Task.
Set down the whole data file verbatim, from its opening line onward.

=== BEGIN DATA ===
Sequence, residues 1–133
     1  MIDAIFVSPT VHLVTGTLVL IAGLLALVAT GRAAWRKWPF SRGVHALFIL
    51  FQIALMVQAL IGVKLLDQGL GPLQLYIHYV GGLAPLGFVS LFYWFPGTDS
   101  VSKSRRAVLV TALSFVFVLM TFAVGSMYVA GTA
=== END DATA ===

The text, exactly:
Sequence, residues 1–133
     1  MIDAIFVSPT VHLVTGTLVL IAGLLALVAT GRAAWRKWPF SRGVHALFIL
    51  FQIALMVQAL IGVKLLDQGL GPLQLYIHYV GGLAPLGFVS LFYWFPGTDS
   101  VSKSRRAVLV TALSFVFVLM TFAVGSMYVA GTA